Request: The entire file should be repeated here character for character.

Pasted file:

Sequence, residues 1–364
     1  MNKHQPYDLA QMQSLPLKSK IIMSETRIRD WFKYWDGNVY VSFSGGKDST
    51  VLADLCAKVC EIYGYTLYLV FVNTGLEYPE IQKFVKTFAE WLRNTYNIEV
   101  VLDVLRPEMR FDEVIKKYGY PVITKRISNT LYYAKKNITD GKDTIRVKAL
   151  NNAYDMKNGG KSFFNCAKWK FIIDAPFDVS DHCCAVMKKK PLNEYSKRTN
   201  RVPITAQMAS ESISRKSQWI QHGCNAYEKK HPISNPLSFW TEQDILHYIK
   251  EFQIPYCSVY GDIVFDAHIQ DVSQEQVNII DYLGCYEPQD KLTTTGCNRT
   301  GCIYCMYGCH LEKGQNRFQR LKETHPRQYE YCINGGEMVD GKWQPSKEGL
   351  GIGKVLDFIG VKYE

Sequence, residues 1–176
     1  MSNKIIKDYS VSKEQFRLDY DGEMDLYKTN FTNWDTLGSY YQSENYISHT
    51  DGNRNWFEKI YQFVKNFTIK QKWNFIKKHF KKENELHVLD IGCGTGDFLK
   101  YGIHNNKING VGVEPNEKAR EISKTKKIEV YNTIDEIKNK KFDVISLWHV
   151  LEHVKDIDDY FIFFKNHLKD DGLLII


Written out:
Sequence, residues 1–364
     1  MNKHQPYDLA QMQSLPLKSK IIMSETRIRD WFKYWDGNVY VSFSGGKDST
    51  VLADLCAKVC EIYGYTLYLV FVNTGLEYPE IQKFVKTFAE WLRNTYNIEV
   101  VLDVLRPEMR FDEVIKKYGY PVITKRISNT LYYAKKNITD GKDTIRVKAL
   151  NNAYDMKNGG KSFFNCAKWK FIIDAPFDVS DHCCAVMKKK PLNEYSKRTN
   201  RVPITAQMAS ESISRKSQWI QHGCNAYEKK HPISNPLSFW TEQDILHYIK
   251  EFQIPYCSVY GDIVFDAHIQ DVSQEQVNII DYLGCYEPQD KLTTTGCNRT
   301  GCIYCMYGCH LEKGQNRFQR LKETHPRQYE YCINGGEMVD GKWQPSKEGL
   351  GIGKVLDFIG VKYE

Sequence, residues 1–176
     1  MSNKIIKDYS VSKEQFRLDY DGEMDLYKTN FTNWDTLGSY YQSENYISHT
    51  DGNRNWFEKI YQFVKNFTIK QKWNFIKKHF KKENELHVLD IGCGTGDFLK
   101  YGIHNNKING VGVEPNEKAR EISKTKKIEV YNTIDEIKNK KFDVISLWHV
   151  LEHVKDIDDY FIFFKNHLKD DGLLII